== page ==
(2) created a crappy set of triangle primitives to render it
(3) coded the function that renders the primitives (step 4 above)

So I wasted a little time making a crappy height-map and a crappy triangle set, but that allowed me to get something on the screen faster.

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Which is really what you want to do, in case that crappy height map turns out to be really crappy and needs a design spec change - balls, now I gotta change the editor too...

but not if you haven''t created it yet

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AAAAAAAAAAAHHHHHHHHHHHHHHHHHHHHHHH!!!!!!!!!!!!!!

I''ve spent the whole day trying to work out how to use map:: and all I''ve got is :

    
#pragma warning(disable:4786)

#include <iostream>
#include <string>
#include <map>

using namespace std;


typedef map<string, string > KEYPAIR;

void main()
{
KEYPAIR::iterator CurrentItem;
string Command = "QUIT";
KEYPAIR Keypair;
Pair Ret;

//Simulate the file loader with a few values...


Keypair.insert(KEYPAIR::value_type("QUIT","KEY_ESCAPE"));
Keypair.insert(KEYPAIR::value_type("FORWARD","KEY_UP"));

CurrentItem = Keypair.find(Command);

cout << (*CurrentItem).second << " ";


This is the reason I keep away from ''other people code''. It takes me so long to work out silly things like return types that are datastructures. I made one error at one stage and got a 6 line error message... only one error.

I think all I really need to do is :

-Have a good clean simple design for the major components.
-Pay more attention to releasing memory, though even this isn''t important as I never free anything until I exit anyway...

Right now my code looks like C wrapped up in classes. The only reason I''m using classes is that it make the code ''feel'' neater. (I''m a VB COM programmer so it feels natural to section off code)

The gist of what I''m hearing is "Make a good structure (my classes) and optimise later if need be.". Is that about right?


Thanks guy''s I feel a bit better now...



Run gimpy Run!

___________________________________________
Sometimes you long for the days of old... Error 76 //

C:\Program Files\Microsoft Visual Studio\VC98\myprojects\Queue\Main.cpp(21) : error C2679: binary ''='' : no operator defined which takes a right-hand operand of type ''struct std::pairits,class std::allocator >,struct std::pair,class std::allocator > const ,class std::basic_string,class std::allocator > >,struct s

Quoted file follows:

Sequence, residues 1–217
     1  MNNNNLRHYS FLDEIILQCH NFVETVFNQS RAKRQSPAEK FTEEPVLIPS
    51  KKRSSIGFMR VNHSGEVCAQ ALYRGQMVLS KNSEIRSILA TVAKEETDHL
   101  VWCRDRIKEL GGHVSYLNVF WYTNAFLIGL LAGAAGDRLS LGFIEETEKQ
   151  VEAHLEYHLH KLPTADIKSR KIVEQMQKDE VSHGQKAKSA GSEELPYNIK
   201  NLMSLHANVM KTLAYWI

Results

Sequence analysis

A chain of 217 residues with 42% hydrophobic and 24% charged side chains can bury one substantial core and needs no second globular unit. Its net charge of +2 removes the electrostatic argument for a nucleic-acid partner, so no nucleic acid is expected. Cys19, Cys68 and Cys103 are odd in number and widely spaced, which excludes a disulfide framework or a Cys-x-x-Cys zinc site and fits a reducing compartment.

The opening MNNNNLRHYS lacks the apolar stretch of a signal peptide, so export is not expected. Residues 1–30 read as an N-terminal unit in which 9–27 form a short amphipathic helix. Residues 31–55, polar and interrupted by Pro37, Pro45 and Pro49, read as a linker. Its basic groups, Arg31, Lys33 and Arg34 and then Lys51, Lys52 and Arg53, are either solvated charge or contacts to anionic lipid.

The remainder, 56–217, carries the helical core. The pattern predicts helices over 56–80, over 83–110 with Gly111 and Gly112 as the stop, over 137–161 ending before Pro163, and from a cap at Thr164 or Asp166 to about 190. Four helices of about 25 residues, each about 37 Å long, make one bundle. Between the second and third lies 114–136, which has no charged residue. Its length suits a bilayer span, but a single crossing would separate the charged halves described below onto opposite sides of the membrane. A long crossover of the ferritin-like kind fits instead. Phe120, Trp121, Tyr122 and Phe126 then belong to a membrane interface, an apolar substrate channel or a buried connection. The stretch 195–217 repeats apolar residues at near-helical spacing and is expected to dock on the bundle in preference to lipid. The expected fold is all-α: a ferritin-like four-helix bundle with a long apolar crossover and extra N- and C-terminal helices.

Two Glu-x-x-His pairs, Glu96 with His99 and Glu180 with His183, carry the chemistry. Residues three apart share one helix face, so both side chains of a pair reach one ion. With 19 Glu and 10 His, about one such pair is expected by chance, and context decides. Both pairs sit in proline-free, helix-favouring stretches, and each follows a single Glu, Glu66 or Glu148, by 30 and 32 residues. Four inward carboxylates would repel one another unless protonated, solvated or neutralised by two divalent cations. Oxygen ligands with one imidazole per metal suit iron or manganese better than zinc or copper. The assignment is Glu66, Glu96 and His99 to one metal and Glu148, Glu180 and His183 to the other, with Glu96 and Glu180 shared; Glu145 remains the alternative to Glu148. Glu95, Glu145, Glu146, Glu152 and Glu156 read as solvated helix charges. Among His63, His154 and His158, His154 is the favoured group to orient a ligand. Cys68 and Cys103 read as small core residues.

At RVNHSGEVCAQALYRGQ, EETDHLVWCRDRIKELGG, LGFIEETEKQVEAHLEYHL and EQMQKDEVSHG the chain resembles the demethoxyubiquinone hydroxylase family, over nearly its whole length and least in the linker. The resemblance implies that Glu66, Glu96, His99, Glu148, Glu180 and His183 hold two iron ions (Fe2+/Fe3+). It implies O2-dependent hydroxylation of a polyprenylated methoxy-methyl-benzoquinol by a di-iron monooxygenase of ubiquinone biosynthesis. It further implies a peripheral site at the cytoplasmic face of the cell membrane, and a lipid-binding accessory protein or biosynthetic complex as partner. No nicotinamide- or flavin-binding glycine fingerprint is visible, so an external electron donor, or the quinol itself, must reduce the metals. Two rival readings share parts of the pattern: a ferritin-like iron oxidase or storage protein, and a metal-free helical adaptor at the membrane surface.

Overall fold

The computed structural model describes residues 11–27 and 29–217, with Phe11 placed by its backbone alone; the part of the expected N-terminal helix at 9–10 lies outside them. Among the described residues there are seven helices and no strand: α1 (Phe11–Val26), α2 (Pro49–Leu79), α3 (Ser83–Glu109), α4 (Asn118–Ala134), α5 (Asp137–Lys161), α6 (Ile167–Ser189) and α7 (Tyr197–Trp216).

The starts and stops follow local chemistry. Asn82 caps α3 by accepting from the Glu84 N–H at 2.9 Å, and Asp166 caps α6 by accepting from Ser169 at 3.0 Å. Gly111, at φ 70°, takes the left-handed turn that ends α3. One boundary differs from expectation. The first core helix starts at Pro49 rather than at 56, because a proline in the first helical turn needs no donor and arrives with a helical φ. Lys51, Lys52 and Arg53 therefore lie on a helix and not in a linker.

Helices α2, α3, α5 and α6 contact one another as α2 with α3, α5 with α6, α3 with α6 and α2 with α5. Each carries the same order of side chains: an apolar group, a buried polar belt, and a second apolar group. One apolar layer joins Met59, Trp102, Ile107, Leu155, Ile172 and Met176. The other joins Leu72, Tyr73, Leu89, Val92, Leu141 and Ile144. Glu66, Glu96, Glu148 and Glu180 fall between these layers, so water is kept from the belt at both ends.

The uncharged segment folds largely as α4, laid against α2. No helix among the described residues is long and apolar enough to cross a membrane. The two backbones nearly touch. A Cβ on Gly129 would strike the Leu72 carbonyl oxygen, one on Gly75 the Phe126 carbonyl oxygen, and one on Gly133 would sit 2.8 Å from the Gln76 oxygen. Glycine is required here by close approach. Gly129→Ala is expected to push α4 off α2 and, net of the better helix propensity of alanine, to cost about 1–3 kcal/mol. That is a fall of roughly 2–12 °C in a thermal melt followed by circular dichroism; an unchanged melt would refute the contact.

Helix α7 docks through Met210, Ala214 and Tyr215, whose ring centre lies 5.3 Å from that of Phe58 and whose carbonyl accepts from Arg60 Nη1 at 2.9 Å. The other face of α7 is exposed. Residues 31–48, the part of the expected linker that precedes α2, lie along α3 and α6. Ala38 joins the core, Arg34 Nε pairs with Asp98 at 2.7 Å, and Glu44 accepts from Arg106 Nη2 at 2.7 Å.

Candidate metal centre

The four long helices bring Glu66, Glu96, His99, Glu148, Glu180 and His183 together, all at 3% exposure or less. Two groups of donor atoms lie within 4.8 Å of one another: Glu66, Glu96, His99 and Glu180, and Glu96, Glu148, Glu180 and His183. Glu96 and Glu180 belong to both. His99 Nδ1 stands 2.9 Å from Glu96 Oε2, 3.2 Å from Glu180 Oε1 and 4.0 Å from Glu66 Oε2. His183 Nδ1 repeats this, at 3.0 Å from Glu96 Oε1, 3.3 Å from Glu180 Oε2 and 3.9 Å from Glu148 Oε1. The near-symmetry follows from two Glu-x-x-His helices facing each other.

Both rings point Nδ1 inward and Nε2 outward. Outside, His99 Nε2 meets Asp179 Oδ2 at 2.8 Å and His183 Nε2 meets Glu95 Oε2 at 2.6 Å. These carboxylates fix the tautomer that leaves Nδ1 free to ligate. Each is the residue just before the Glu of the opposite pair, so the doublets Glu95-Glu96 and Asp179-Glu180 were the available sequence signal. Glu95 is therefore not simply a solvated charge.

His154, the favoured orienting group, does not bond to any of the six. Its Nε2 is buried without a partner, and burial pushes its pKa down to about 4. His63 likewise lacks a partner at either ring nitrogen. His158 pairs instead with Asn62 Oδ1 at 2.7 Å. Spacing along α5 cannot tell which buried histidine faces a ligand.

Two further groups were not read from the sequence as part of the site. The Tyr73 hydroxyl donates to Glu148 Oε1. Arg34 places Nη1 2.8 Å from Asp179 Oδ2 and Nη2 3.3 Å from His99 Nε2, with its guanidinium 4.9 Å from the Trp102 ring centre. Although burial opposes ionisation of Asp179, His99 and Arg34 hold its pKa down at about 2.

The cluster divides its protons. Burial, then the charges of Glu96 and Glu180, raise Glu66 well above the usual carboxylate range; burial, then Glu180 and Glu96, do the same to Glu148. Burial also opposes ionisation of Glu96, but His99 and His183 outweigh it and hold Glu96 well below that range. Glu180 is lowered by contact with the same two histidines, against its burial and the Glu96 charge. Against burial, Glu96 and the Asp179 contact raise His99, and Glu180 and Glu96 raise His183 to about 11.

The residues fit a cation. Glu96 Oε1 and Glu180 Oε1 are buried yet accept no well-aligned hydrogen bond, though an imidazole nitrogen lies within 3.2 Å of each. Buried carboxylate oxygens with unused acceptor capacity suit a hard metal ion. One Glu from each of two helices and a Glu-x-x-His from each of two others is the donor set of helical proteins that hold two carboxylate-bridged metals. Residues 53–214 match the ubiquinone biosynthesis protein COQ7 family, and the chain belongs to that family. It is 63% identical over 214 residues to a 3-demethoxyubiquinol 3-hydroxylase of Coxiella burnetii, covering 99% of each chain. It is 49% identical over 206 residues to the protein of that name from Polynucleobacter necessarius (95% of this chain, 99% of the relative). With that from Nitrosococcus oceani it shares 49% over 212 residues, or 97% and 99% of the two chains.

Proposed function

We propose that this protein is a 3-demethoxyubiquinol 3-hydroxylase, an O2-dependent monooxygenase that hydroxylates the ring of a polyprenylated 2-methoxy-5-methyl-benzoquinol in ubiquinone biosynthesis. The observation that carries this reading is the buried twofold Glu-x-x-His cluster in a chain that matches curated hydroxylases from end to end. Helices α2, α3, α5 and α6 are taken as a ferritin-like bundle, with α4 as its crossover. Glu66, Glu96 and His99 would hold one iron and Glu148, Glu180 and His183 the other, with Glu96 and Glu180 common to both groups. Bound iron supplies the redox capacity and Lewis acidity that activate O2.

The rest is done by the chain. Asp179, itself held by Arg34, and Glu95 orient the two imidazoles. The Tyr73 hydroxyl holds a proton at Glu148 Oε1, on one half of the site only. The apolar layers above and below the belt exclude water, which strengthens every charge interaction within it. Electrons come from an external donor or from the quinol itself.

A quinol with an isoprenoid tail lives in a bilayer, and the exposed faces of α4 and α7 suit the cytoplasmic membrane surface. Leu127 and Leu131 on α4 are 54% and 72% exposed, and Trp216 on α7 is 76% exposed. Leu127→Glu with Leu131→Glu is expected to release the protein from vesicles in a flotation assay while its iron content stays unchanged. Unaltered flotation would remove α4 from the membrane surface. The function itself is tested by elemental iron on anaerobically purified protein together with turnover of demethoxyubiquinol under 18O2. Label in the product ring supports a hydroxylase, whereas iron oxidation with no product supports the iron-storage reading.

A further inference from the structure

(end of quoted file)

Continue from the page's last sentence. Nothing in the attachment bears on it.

td::map,class std::allocator >,class std::basic_string,class std::allocator >,struct std::lessaits,class std::allocator > >,class std::allocator,class std::allocator > > >::_Kfn,struct std::less,class std::a
llocator > >,class std::allocator,class std::allocator > > >::iterator,bool>'' (or there is no acceptable conversion)

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yes I find it very hard to read over my code after comming back to it months later. Then I have to relearn everything over again. Gets really annoying.
Basically nowdays, I take design ALOT more seriously. Just get pen and paper and start writing like crazy. Why you put something in, how you did such and such, what changes you had to make, maybe even some pseudo code if you can, a couple of test schedules.
I write with one idea in mind, if I were to give my design documents over to another person or another team, it should be so descriptive that they would be able to recreate my program from scratch.
Months later when I wonder how something works, I just pop open my design documents and everything is there. If you design properly progamming it become less than trivial.
I''m still surprised a how many people just jump straight into code with even a scrap of paper containing a general outline. I feel sorry those people, cause their the ones staying up day and night debugging code. Test have proven that the earlier you find a bug the less costly it will be for you in the long run.

Anyway I''m way off track Sorry I''m long winded sometimes.
what keep me motivated. Being able to look at a final piece of work and syaing "oh my god, I made that!"